By: Dan Gaugler

The best investors ignore the conventional Wall Street blabber about stock-picking, market-timing, and beating-the-market. They know investing is not a game. The returns you seek are actually there for the taking. You just need a disciplined approach and a long-term view. Investing is about getting your fair share of the capital market returns, proportionate to the risk you decide to take. Be simple, strategic, and process-oriented. Focus on the controllable and reliable variables; and most importantly, your own behavior as an investor.

Do you have an investment portfolio or an investment collection? You should have a top-down strategy expressed as a certain target percentage for equity exposure and an allocation plan using a small number of distinctive asset classes and styles.

Do you manage your portfolio’s tax profile? You should deliberately locate certain assets among your taxable and retirement accounts, avoid short-term gains, and harvest tax losses whenever they appear. Managing tax attributes is a particularly reliable way to add value and, oddly, still a well-kept secret.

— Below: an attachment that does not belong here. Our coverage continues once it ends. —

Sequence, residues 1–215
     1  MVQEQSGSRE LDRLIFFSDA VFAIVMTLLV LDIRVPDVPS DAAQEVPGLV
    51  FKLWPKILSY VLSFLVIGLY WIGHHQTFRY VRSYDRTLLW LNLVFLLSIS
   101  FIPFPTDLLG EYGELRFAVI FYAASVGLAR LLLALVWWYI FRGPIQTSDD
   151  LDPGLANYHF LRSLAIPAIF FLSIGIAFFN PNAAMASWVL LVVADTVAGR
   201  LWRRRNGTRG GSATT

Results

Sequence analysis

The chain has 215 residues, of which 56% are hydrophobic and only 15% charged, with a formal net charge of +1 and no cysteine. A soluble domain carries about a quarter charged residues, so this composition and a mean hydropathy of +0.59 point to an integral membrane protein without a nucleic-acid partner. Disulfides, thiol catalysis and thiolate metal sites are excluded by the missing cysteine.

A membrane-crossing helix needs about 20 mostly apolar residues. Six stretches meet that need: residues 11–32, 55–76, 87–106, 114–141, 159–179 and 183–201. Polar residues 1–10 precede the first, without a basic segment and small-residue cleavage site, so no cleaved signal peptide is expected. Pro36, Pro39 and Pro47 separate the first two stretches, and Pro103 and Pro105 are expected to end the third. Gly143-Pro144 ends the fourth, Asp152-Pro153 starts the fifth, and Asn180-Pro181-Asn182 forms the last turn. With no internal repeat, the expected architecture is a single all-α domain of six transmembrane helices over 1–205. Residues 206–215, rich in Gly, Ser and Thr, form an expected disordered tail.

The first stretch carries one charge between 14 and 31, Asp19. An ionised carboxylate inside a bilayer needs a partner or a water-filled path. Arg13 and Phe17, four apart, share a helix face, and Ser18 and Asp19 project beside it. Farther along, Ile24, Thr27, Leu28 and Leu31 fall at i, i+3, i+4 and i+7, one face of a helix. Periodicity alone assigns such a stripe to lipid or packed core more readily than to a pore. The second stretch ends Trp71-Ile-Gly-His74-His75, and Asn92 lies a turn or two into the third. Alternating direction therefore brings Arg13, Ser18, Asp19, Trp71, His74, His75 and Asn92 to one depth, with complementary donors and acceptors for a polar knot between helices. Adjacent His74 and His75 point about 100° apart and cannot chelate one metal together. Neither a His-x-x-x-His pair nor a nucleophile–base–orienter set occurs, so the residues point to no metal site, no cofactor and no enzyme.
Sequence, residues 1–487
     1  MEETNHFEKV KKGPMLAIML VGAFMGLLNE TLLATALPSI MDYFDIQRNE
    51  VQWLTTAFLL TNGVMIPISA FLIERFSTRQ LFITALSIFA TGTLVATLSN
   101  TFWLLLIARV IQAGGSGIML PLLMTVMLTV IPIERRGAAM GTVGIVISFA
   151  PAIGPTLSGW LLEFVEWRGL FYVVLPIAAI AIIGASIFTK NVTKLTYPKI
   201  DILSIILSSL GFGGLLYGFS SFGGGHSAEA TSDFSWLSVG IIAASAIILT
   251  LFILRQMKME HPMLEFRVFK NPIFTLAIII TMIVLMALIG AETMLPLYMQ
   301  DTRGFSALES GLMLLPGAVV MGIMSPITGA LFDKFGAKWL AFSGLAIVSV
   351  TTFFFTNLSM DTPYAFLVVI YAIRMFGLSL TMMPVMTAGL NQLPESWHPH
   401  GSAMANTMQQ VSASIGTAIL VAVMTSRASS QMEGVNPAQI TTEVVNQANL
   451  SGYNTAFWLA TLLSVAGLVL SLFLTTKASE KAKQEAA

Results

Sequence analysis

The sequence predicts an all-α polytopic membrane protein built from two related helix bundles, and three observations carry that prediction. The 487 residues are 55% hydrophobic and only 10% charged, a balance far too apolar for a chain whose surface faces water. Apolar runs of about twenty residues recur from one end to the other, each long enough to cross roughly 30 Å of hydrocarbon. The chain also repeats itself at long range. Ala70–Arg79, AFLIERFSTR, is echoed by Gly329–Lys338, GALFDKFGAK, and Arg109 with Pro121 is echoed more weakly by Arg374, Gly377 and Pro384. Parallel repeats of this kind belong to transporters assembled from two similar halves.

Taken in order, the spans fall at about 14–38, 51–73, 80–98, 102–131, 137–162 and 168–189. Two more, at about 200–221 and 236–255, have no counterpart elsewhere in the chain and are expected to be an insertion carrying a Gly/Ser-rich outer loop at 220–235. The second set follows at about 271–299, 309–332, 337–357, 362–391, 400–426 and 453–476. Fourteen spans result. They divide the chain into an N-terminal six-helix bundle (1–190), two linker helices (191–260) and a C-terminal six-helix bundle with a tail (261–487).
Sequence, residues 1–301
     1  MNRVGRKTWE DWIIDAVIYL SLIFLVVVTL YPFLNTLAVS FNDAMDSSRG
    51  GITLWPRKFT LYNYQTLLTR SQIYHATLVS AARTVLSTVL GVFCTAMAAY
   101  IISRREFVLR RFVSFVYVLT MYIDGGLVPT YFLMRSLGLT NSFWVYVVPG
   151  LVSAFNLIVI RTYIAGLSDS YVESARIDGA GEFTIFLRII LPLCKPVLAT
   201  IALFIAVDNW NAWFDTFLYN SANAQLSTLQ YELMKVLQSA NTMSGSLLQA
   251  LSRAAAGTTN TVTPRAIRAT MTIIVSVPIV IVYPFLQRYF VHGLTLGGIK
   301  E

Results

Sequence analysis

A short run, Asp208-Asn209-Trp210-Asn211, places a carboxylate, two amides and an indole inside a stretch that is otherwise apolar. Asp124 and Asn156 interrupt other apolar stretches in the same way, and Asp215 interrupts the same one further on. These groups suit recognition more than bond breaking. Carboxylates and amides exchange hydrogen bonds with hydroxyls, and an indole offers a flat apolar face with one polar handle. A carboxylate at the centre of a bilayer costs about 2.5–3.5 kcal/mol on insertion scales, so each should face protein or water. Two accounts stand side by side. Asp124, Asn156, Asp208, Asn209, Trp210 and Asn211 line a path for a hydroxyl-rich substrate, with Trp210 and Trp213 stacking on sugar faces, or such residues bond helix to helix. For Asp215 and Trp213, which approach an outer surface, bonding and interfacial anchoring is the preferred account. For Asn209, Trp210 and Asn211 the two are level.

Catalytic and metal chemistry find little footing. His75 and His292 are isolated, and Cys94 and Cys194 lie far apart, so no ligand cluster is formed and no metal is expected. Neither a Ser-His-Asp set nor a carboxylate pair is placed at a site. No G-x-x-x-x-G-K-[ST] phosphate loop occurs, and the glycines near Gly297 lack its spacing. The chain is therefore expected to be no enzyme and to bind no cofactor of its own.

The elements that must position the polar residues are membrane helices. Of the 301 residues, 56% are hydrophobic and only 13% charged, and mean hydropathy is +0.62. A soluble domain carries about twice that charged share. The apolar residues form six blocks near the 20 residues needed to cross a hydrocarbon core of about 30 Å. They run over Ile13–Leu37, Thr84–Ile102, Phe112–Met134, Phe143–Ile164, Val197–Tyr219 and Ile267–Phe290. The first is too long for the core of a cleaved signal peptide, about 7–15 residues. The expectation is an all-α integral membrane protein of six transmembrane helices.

Do you use index funds for basic exposure to each asset class? You should have a great deal of skepticism about active management. If you are mindful of manager risk, tax burdens, expense ratios, and the sales culture, then the benefits of indexing become crystal clear.

Do you pay extra-close attention to costs? Costs are entirely controllable and unlike most other things we buy, higher cost for investment products does not mean higher quality. Quite the opposite is true.

Do you follow a structured process of monitoring exposures and rebalancing back to your targets at some predetermined intervals? Reversion to the mean is the single most reliable function of the investment world. Rebalancing takes advantage of this, forcing a buy-low, sell-high discipline and trumping the emotions that argue for the opposite.

Finally and most importantly, do you recognize the potential self-harm you can do by your own behavior? Humans are simply not pre-wired to be good long-term investors. We misjudge opportunity and risk in both good times and bad. We’re vulnerable to sales pitches and crowd-following. The reliable solution is to follow these concepts and to believe that it is the investor that matters much more than the investments.